In today’s world, being online is seen as a necessity. But before diving into the web, you should ask yourself, “Why does it matter?” Well, because when you do it right, it works.

Picture an online system that gets new customers in the door and allows them to book a lesson online. Wouldn’t that free up more time for you so you can focus on learning and teaching. Sounds great, right?

Don’t see getting online as a chore. Instead, see it as way to dramatically improve how you do business. You’ll spend less time selling, scheduling, and managing, and more time with your clients.

In a Golfer’s Shoes

Let’s think about this from a golfer’s perspective. Let’s say you’re a golfer looking for golf lessons, and you don’t know any instructors. More likely than not, you turn to Google as most of us do anytime we need to find something.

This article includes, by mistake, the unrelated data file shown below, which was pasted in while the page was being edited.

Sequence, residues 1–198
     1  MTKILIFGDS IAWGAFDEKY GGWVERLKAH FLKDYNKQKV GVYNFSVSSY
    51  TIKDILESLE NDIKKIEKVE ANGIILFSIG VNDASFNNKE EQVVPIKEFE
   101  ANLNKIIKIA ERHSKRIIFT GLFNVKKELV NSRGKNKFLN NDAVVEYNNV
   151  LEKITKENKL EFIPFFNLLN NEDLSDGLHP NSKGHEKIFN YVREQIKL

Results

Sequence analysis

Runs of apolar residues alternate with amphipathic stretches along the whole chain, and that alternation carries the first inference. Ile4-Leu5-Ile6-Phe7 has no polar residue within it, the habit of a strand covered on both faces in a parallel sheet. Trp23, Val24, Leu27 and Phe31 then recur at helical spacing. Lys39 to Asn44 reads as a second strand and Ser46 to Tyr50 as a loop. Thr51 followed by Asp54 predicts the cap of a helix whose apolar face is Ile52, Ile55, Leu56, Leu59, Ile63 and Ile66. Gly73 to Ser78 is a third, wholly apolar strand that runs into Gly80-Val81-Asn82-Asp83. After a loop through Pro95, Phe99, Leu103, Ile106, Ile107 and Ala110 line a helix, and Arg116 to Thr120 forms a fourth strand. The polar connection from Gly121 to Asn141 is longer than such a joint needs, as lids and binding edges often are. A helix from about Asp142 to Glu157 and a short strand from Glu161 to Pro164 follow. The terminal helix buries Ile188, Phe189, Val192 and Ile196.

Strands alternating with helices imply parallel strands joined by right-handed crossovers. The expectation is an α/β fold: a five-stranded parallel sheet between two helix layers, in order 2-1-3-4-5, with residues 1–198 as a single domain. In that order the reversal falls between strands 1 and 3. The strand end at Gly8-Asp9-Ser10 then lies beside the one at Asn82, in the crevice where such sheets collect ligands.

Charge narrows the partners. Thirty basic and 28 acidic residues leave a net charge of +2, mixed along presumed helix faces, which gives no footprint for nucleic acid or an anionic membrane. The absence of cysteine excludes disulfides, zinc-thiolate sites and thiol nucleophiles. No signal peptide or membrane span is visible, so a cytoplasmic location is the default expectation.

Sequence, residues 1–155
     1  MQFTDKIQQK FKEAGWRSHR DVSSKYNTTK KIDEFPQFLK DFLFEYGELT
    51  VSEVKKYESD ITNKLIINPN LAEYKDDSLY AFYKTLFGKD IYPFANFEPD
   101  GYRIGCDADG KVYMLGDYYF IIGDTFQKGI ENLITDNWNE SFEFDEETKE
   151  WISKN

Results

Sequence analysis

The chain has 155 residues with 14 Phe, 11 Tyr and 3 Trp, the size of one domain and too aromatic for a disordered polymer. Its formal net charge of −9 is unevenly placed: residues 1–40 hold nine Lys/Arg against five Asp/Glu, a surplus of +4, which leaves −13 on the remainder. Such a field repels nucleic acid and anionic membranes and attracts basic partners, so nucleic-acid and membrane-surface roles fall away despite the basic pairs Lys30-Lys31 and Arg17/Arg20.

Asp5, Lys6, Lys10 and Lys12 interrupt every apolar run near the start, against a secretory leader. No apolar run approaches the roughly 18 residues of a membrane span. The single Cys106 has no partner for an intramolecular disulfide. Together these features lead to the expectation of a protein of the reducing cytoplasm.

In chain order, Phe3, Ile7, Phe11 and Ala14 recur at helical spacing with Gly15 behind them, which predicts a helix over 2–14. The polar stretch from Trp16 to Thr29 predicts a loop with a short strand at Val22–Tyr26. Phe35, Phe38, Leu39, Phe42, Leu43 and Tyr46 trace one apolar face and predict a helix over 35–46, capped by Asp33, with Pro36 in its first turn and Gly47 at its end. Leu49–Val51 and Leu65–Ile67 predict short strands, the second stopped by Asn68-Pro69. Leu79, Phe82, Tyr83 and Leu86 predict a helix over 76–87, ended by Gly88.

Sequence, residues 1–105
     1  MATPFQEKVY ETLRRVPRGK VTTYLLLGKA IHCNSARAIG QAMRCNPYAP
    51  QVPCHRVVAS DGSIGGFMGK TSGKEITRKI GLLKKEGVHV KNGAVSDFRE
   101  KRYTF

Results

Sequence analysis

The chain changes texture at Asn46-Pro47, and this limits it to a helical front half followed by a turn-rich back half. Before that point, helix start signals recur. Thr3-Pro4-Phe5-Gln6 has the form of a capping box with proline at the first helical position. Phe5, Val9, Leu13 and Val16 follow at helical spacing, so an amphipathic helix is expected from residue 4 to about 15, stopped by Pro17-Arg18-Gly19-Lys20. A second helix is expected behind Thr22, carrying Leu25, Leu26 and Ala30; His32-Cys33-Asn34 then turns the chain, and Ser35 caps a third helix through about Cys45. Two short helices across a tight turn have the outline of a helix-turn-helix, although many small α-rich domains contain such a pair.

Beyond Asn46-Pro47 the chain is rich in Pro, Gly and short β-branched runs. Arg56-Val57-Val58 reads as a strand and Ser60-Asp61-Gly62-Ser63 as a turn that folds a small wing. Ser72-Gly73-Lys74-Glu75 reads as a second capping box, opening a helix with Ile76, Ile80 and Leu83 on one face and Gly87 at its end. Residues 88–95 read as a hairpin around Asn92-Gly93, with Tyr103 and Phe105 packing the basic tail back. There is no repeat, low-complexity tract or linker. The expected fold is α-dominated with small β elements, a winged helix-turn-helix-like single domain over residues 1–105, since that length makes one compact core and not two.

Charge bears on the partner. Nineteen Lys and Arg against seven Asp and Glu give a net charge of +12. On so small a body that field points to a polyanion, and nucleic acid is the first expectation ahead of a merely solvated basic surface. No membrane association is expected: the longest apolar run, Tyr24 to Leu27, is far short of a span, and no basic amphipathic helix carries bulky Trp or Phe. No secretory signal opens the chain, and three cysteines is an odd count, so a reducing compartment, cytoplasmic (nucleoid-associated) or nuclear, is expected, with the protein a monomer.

This is exactly what golfers are doing today. In fact, the PGA has seen a 43 percent year-over-year increase of millennials (golfers ages 20-34) searching for golf online. They expect to go to your website, learn about you, read reviews, and schedule a lesson. Surprisingly, very few instructors are taking advantage of this very natural behavior.

Let’s compare what GolfTEC is doing vs. the average golf instructor. Here’s a simple breakdown. 


  • Shows up across Google for any search terms related to golf lessons.
  • Uses smart, online advertising across the web.
  • Has a website that builds trust and sells its benefits to golfers.
  • Conveniently allows golfers to schedule and pay for lessons on its website.
  • Engages with customers after they book a lesson through email marketing and social media.

Most Golf Instructors

  • Are not visible on Google Search results related to golf lessons.
  • Rely primarily on word of mouth and print advertising.